A trial date has been set alongside a timeline for procedures for the man accused of shooting nine people at a historic black church in Charleston, South Carolina, last year.
Dylann Roof is scheduled to stand trial in a Charleston federal court on Nov. 7, according to documents filed Tuesday. If convicted, he faces a possible death sentence.
A federal judge ordered a comprehensive schedule for the case on matters that need to be addressed sooner rather than later. According to the order, Roof must file his intent to waive or demand a jury trial by June 10, the government has until June 21 to respond, and both parties have been given rules and deadlines to negotiate jurors.
In the case, the Justice Department is pushing for a death sentence because of the nature of the crime. Last June, Roof, a white man, attended a prayer service at the Emanuel AME Church and after an hour sitting with congregants, he opened fire. He was arrested the next morning at a traffic stop in Shelby, North Carolina. He confessed that he hoped the massacre would ignite a race war.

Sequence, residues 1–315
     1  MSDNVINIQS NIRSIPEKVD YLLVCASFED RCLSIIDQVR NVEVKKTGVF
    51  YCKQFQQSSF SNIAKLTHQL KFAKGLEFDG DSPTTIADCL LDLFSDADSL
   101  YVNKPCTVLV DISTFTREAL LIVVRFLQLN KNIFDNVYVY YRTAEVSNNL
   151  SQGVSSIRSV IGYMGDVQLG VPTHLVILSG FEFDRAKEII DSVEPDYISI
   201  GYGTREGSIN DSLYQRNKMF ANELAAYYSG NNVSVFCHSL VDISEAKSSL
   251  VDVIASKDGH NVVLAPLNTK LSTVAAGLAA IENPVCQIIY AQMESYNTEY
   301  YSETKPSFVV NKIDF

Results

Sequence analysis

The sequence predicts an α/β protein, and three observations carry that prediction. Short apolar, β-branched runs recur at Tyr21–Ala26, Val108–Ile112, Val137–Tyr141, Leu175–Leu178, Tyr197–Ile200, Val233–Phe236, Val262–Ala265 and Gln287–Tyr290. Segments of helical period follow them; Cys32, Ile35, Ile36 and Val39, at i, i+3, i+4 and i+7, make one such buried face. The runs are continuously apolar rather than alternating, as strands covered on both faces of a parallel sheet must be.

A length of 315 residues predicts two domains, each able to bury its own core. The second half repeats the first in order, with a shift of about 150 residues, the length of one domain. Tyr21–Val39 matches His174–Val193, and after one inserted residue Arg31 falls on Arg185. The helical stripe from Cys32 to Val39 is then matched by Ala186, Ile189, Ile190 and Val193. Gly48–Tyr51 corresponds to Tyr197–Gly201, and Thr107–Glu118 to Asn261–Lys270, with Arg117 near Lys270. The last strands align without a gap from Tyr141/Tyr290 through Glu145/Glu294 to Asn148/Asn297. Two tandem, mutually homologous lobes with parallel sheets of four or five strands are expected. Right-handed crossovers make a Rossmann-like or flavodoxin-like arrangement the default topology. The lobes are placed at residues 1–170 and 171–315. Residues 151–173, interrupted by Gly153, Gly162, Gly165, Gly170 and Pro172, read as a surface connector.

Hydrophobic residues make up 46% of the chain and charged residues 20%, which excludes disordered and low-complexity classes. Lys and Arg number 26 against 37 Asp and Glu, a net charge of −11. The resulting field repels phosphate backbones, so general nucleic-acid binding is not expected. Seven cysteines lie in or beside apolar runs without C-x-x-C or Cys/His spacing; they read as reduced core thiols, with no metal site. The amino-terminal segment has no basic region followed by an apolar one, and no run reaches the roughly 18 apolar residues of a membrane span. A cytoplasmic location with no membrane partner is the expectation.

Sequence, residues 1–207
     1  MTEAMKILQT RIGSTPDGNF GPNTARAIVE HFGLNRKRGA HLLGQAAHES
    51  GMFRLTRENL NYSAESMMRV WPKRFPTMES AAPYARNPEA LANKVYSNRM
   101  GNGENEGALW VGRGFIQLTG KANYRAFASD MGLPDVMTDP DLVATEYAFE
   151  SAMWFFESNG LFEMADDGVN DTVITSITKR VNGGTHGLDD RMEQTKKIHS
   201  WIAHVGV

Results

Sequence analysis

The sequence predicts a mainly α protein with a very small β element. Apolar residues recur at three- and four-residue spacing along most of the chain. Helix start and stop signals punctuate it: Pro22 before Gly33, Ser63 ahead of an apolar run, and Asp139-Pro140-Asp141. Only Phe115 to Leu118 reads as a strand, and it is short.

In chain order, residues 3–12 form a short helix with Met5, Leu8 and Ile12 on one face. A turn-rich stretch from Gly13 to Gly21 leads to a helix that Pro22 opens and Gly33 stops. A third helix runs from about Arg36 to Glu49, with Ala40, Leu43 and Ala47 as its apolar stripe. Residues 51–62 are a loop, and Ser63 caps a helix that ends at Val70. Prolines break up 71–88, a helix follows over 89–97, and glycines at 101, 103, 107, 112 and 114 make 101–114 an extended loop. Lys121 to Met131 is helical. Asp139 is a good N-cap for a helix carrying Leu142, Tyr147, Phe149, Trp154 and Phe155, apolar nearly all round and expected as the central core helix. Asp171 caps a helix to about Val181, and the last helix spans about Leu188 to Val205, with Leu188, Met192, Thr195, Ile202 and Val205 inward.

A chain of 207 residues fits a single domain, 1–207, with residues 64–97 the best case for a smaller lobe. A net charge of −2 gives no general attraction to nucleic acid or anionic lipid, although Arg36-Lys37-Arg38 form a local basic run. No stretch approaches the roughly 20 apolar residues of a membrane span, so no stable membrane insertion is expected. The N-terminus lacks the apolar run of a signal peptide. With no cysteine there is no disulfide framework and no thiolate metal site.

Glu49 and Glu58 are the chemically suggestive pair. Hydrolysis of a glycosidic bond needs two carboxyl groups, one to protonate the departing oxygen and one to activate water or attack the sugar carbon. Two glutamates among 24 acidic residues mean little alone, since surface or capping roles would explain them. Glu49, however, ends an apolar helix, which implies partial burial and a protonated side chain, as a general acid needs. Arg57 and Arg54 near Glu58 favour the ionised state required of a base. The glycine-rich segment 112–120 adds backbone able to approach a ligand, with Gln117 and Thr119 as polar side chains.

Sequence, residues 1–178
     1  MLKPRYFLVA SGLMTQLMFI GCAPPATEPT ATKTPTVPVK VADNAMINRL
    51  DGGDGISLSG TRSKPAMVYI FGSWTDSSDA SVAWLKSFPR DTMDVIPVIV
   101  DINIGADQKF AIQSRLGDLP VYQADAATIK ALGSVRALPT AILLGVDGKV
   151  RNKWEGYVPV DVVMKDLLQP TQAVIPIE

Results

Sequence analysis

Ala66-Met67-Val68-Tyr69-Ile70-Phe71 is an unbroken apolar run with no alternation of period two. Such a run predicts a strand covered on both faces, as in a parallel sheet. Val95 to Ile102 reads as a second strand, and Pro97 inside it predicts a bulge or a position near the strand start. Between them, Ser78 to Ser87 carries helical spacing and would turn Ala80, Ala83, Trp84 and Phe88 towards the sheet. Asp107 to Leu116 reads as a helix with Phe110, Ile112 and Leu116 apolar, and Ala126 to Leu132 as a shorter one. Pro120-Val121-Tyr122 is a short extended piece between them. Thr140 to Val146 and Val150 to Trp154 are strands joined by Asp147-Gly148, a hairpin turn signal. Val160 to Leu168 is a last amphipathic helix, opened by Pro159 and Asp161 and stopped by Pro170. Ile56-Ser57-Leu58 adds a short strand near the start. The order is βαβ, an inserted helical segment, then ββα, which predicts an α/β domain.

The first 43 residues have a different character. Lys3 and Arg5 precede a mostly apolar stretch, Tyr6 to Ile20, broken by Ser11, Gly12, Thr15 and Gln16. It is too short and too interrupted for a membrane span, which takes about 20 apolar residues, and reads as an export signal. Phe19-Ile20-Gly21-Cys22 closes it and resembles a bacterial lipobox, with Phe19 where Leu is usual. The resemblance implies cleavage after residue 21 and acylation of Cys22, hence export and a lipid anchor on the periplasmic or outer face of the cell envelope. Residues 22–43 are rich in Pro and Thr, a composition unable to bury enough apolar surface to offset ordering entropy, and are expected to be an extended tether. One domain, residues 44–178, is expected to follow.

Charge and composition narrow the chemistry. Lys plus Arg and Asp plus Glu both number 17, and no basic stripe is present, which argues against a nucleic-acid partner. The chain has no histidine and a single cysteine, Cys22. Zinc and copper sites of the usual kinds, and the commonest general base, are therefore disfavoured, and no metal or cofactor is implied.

“The nature of the alleged crime and the resulting harm compelled this decision,” said U.S. Attorney General Loretta Lynch on May 25.
In court documents, prosecutors cited two offenses that carry a possible death sentence that includes obstruction of exercise of religion by force resulting in death and use of a firearm to commit murder during and in relation to a crime of violence.
Prosecutors said Roof had “expressed hatred and contempt towards African Americans, as well as other groups, and his animosity towards African Americans played a role in the murders charged in the indictment,” according to court documents.
A month later, Roof was charged with 33 federal charges including 12 hate crimes. In September, state prosecutors also said they would push for the death penalty because Roof killed more than two people. South Carolina does not have a hate crime law.
Last summer, Roof’s attorney said he was willing to enter a guilty plea in exchange for a sentence of life in prison.